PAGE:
Light Detection and Ranging (LiDAR) is a survey technique that uses airborne laser scanners to produce highly detailed 3d representations of large areas of land. LiDAR data can be analysed to reveal the detail of terrain beneath vegetation, the extent of infrastructure and the structure of tree canopy and sub-canopy vegetation.
Biosis understands the data requirements for resource management and routinely uses LiDAR datasets to create complex Geographical Information System (GIS) models, in conjunction with other datasets, to enable people to see patterns in the landscape that are otherwise hidden or difficult to detect using the naked eye.
Some of the detailed landscape models Biosis creates using LiDAR include:
- Hydrological modelli
- Tracing detailed surface water flow paths
- Calculating catchments and water yield
- Assessing flooding depths.
- Bushfire Attack Level modelling using relative slope angle, direction, distance and fuel type.
- Detailed vegetation change modelling over time. – Figure 1
- Identification of significant landscape features such as:
- Severe slopes or flat land
- Likely rock overhangs and cliffs
- Rocky outcrops, rises and ridges – Figure 2.
- Solar gain over particular time spans considering the position of the sun, latitude of location, length of the day and shadowing. – Figure 3
- Visibility to and from given points in the landscape (viewsheds).
LiDAR data can also be combined with other data to test hypothetical situations such as:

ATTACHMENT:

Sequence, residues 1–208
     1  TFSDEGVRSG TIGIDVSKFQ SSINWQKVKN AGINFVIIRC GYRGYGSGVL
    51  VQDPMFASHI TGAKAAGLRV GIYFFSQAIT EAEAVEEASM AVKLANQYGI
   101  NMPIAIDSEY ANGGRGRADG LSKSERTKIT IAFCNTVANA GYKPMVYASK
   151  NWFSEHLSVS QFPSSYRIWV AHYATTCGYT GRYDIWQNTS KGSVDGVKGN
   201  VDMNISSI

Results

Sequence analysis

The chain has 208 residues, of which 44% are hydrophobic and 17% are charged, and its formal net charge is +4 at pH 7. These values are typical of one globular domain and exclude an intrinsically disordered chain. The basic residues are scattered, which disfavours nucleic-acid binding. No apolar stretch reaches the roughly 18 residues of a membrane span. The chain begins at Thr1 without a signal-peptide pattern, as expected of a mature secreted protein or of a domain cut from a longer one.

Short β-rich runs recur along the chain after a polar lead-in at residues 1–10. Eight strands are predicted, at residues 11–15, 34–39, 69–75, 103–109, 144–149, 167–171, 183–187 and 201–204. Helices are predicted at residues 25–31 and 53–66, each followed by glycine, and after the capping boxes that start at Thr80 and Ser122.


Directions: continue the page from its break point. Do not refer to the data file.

- The volume of fill required to level an area
- The height of vegetation or screening required to block an undesirable view
- How the flow of water across an area will be changed by excavation or filling.
Opportunities and constraints can be identified across wide areas by combining different datasets or the different outputs of LiDAR analysis to identify locations that satisfy the greatest number of desired criteria. For example, areas with the best combination of criteria relating to the flatness of the land, greatest view/best view of local landmarks, lowest flooding risk and requiring the least amount of tree clearing could be automatically identified using a single LiDAR dataset.
Biosis works closely with clients to design custom models to test each criterion and then combine them into maps and spatial data representing a sliding scale of how well any given location fits with these desirable criteria. Outputs can be combined with additional data such as land pricing and ownership information to identify potential acquisition properties.
As LiDAR data becomes more accessible across Australia it is being used more widely. Often organisations acquire LiDAR data for a specific purpose but don’t use the full potential of their datasets for the management and future use planning of their sites. Biosis can assist you to get the most out of your data.
For more information about how LiDAR could be used by your organisation or how you can get more out of LiDAR data you already have, call James Shepherd our Senior GIS analyst on 0407 512 187.
Figure 1: Results of LiDAR analysis showing the relative elevation (height from ground level) of vegetation. Red areas represent tall woodland. Green areas represent clearing, water areas, roads.
Figure 2: Concentrations of Aboriginal artefacts in relation to landform types. Landforms were created using custom GIS tools to process LiDAR data
Figure 3: Direct solar gain analysis from LiDAR data showing the total predicted direct solar energy gain across alpine regions during the ski season. Values are shown in watt-hours per square metre (WH/sqm).